The most popular soapstone is the darker black species. By far and away the black soapstone species are in more demand than the green, dappled, gray. There is no good or bad, right or wrong but there are differences between soapstone species that you should be aware of.
Soft (high talc) soapstone scratch more easily than harder soapstone species (lower talc content) stones. Conversely the soft stones lend to sanding out scratches more readily.
The hard soapstone species lend making more suitable sinks in terms of standing up to the abuse the bottom of a sink is subjected to. I have a soapstone sink in my home and we choose a softer soapstone. We choose this material because we liked the color and we do not mind the patina. In fact we encourage the patina as it goes with the rustic farmhouse style that is our home.
There are several options to darken your soapstone, the most well known is mineral oil and in the past few years the Dry Wax has proven to be easy to apply and longer lasting than the traditional mineral oil treatment. The Third option that I discovered recently struck me by surprise when I saw it only because I never thought of it until I saw it and that is ager.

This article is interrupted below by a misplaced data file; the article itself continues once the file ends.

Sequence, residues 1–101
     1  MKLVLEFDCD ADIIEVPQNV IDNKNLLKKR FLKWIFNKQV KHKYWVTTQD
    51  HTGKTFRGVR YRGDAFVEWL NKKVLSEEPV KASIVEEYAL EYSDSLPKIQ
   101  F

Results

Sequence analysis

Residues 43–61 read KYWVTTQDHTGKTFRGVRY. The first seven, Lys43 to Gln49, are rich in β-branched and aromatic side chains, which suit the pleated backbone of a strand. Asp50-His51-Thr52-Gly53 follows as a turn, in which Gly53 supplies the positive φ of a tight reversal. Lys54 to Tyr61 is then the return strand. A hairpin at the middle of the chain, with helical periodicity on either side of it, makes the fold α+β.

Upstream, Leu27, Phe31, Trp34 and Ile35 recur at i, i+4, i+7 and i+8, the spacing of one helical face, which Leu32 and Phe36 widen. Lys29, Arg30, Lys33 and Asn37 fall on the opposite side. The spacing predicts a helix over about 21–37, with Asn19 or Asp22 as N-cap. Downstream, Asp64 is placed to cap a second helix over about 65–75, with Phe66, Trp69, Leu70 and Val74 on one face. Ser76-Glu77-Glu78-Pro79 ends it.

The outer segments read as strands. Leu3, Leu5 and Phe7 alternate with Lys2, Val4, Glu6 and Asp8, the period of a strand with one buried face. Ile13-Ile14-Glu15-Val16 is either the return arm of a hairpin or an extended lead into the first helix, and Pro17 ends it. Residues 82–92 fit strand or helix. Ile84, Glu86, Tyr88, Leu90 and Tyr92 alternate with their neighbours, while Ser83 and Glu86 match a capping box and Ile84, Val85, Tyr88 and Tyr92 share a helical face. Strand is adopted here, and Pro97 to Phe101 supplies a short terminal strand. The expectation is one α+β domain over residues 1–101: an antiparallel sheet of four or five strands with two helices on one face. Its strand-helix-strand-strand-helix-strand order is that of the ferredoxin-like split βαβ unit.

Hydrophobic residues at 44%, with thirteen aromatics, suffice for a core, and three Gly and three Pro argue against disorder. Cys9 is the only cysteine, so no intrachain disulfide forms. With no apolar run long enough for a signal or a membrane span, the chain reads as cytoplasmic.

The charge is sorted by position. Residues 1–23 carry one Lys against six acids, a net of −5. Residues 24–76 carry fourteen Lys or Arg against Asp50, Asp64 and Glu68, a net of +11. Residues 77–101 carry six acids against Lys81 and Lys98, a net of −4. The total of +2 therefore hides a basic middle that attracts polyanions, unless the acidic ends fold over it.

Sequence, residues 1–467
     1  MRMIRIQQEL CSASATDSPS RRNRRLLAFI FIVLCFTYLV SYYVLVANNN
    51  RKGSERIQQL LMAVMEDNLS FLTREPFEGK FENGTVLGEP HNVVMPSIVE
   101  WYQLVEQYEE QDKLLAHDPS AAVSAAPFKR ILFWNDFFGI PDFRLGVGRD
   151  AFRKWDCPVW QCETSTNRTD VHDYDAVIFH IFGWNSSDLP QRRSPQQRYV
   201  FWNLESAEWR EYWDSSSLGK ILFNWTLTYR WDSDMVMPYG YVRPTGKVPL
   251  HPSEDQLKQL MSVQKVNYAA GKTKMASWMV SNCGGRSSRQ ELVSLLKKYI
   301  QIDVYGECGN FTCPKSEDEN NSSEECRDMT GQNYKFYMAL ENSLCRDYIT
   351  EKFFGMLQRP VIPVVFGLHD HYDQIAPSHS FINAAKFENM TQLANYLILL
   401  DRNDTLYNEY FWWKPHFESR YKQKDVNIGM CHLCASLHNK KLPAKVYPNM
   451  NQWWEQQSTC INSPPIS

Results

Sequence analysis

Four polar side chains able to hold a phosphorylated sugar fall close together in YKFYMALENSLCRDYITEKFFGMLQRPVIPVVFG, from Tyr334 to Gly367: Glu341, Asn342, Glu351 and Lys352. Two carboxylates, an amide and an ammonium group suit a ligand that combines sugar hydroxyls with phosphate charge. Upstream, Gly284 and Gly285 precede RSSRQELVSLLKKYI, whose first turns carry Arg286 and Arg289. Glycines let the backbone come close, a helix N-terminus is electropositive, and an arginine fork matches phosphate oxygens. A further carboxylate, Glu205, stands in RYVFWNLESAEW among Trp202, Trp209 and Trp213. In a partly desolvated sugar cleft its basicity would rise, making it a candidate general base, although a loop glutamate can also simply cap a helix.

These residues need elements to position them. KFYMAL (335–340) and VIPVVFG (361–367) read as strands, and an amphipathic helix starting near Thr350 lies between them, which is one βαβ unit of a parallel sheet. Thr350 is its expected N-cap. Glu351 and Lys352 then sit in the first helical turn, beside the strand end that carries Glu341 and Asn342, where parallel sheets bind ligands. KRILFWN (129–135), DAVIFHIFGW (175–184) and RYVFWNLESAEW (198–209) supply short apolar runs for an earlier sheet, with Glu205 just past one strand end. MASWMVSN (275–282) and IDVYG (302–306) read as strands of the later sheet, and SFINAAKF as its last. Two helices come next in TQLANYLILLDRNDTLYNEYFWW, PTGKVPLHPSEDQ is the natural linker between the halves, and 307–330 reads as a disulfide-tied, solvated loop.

What is ager? It is a darkening agent or a color enhancer for natural stone. we use it every day in granite production but never thought of using it for soapstone until i saw it and what is nice about it is that it is nearly a one and done treatment that theoretically never needs to be re-applied.
With all these options ranging from Mineral oil to Ager starting with a black soapstone goes along way to giving you the look you want with out so much effort to maintain it on your part.
Anyone that has soapstone will tell you there is no comparison to granite or marble or quartz because they are soapstone people!
Stone Master inc
Kennett Square PA